NY Times Redesigns

The NY Times online has redesigned and it looks pretty spiffy. The Editor in Chief blogs…I mean talks about the changes. It’s pretty clear that major media is done with resolutions smaller than 1024×768. CNN.com redesigned a couple of weeks ago and now the NY Times. Generally speaking, it’s clearly a nod to better semantic based markup and CSS. It’s also a clear acknowledgement of the power of blogs as a force. The site is sprinked with blog-ish characteristics (Anil Dash has more on that).

2 Comments NY Times Redesigns

  1. Avi Flax

    It’s still table-based HTML 4. I like the design, and while the content may have a current feel (i.e. bloggy), the front-end technology isn’t especially current.
    I’m not saying it isn’t better – it certainly is. But it’s not exactly XHTML 1.1 with microformats or anything. I can understand why, though. For their business, the benefits of cutting-edge web technology would probably be fuzzy at best.
    Bottom line, for this particular site, this is definitely a good step in the right direction. I would say that it’s just about right – transitioning to larger screens, CSS, and less tables.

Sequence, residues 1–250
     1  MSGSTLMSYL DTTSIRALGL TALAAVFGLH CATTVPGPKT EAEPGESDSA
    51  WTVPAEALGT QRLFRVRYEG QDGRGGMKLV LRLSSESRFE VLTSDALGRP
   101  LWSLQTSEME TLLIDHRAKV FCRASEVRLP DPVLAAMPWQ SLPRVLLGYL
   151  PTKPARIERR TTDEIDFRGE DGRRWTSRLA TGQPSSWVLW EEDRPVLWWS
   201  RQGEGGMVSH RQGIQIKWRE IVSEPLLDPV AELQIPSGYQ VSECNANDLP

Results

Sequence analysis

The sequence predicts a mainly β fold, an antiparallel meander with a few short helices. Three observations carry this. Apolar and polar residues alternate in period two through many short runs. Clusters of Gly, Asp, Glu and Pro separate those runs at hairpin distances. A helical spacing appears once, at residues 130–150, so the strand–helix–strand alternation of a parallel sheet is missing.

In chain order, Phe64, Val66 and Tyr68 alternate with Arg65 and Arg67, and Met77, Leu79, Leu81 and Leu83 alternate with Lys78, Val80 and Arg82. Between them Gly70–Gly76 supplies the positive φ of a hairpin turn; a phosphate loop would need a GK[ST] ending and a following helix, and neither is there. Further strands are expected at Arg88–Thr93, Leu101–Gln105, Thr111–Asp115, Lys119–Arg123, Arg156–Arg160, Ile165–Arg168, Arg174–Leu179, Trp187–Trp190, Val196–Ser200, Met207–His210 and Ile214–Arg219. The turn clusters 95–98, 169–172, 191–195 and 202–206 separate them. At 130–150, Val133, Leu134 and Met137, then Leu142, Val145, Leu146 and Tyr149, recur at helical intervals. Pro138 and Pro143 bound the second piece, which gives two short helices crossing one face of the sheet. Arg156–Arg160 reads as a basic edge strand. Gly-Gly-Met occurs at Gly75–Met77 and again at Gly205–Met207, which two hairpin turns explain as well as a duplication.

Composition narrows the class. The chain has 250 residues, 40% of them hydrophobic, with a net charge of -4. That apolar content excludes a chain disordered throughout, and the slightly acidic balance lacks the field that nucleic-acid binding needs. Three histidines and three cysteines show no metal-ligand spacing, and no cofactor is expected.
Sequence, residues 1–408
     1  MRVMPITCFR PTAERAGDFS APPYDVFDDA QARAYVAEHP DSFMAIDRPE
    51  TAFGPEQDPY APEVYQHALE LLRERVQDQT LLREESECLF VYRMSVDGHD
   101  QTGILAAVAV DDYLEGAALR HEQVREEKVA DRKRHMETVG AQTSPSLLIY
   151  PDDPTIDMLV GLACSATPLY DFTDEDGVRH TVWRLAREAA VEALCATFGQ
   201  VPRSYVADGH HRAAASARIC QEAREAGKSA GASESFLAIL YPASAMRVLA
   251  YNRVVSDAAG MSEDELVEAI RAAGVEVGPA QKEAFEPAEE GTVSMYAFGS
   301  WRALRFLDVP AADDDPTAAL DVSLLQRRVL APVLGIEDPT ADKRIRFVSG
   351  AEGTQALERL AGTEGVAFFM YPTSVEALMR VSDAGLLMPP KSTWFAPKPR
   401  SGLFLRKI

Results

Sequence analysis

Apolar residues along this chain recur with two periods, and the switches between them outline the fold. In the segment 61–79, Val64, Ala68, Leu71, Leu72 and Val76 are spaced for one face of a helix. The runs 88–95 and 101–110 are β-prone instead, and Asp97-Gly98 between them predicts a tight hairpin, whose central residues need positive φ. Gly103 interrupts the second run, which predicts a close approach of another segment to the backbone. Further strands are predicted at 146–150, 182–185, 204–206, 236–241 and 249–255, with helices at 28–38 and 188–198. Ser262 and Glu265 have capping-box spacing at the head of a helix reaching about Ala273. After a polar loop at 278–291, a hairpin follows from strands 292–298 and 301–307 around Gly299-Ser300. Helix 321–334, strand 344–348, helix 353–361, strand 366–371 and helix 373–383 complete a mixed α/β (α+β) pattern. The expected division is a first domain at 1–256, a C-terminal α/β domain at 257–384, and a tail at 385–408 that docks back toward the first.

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  2. Avi Flax

    It’s worth taking a look at the old design:
    http://web.archive.org/web/20031029055648/http://www.nytimes.com/
    Looking at them side by side makes the new design even more impressive. It’s so similar, and yet better in almost every respect – an excellent example of iterative improvement. The new design feels familiar, comfortable, authoratative, and useful, and — for me — lighter, friendler, less intimidating, and calmer. I think centering the site and adding whitespace has made a huge difference.
    Khoi Vinh, the new Design Director of the Times, has some interesting thoughts on this new design, which he launched but didn’t create:
    http://www.subtraction.com/archives/2006/0403_the_awesome_.php
    http://www.subtraction.com/archives/2006/0403_the_awesome_.php

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